By Mike Morton
Archbishop Molloy alumnus Russ Smith is an NCAA champion.
His No. 1-seeded Louisville Cardinals defeated No. 4 Michigan 82-76 at the Georgia Dome Monday night to win the school’s third NCAA championship in school history.
Smith, who had torched the nets for most of the tournament, struggled on this night. He scored just nine points on three of 16 shooting. The junior guard’s experience and leadership proved to be the most valuable aspect of his game, his teammates said.
“Russ and Peyton [Siva] lead the show, and I just try to play off of them,” said Luke Hancock, who was named most outstanding player of the tournament after scoring 22 points Monday.
Although Smith struggled in the title game, his scoring through the first five rounds of the tournament is what propelled the Cardinals to the championship. The final round was the only game during the tournament that Smith failed to score at least 20 points.
“Russ, he was taking the usual shots he usually takes,” Siva said. “They weren’t falling. Tonight wasn’t his night. He carried us the whole way. Without him we definitely wouldn’t be here.”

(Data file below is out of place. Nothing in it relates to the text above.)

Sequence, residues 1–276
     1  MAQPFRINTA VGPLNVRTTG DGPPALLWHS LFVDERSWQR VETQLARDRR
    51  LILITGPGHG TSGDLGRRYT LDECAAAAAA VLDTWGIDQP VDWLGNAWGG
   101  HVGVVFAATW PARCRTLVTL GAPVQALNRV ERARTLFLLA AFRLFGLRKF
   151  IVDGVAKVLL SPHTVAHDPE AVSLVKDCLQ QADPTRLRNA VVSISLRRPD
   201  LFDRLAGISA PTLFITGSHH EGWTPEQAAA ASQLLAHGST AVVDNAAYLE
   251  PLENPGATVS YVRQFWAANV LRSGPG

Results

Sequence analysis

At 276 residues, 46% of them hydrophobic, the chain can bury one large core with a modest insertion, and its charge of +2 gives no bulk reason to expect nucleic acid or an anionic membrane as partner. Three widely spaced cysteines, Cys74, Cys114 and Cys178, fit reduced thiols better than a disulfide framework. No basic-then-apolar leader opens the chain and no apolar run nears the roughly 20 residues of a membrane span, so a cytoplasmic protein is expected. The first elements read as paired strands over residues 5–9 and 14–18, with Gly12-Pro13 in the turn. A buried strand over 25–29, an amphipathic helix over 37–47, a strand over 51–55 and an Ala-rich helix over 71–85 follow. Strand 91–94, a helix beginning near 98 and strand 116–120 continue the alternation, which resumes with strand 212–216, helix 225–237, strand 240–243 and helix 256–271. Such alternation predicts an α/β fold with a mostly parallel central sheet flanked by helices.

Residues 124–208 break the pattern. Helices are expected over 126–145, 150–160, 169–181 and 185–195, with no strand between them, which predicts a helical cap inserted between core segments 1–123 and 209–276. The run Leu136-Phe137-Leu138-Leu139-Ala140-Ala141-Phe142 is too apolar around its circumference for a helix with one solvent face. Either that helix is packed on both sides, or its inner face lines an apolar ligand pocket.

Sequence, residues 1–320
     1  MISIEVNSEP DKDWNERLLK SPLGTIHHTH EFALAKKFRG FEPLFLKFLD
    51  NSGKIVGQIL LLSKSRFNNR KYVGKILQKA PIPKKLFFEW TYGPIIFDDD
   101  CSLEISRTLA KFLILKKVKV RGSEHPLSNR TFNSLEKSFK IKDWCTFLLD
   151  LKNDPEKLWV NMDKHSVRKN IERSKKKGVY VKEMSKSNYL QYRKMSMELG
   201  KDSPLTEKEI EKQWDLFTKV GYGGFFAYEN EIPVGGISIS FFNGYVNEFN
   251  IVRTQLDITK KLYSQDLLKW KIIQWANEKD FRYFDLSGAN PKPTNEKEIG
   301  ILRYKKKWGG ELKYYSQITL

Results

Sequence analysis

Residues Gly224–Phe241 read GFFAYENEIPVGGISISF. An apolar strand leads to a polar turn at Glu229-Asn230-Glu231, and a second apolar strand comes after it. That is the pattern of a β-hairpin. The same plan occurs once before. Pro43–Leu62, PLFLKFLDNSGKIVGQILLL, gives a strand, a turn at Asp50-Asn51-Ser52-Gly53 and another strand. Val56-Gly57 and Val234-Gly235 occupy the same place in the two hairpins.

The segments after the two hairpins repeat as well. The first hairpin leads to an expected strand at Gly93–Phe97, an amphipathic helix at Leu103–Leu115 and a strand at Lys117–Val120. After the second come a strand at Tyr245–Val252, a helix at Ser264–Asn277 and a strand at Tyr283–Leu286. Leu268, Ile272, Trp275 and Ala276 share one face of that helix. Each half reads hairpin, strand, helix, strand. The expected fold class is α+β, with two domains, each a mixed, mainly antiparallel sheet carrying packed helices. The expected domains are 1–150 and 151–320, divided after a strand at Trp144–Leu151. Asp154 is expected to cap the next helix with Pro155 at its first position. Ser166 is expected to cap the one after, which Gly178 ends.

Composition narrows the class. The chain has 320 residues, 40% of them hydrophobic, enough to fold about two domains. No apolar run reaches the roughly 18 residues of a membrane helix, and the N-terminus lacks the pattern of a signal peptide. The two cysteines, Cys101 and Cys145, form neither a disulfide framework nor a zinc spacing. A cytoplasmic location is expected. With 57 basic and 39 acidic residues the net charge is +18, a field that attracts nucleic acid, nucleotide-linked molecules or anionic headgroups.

Louisville, Smith falls to UConn in women’s title game: Former Christ the King guard Bria Smith and Louisville’s magical tournament run ended with a 93-60 loss to the University of Connecticut in the NCAA women’s basketball title game in New Orleans Tuesday night.
Smith scored seven points and dished out six assists in the final. She was instrumental in the Cardinals making the title with 17 points and six rebounds in a 64-57 semifinal win over the University of California.
Southerland, ’Cuse fall in Final Four: Benjamin Cardozo’s James Southerland and No. 4 Syracuse lost to Michigan 61-56 in the Final Four last Saturday. Southerland struggled in the national semifinal. He scored just five points on two of nine shots.
But the senior forward did come up with a huge shot with 41 seconds remaining in the game, when he nailed a three-pointer to cut Michigan’s lead to 57-56. After two Michigan free throws, the Orange had a chance to tie the score with nine seconds left.
Syracuse drew up a play for Southerland, but the play collapsed, forcing Trevor Cooney to take a tough shot and miss to see the Michigan win.
“We were trying to get James [the ball],” Syracuse Coach Jim Boeheim said. “They switched on it. Trevor had no choice. That was it. He had no choice.”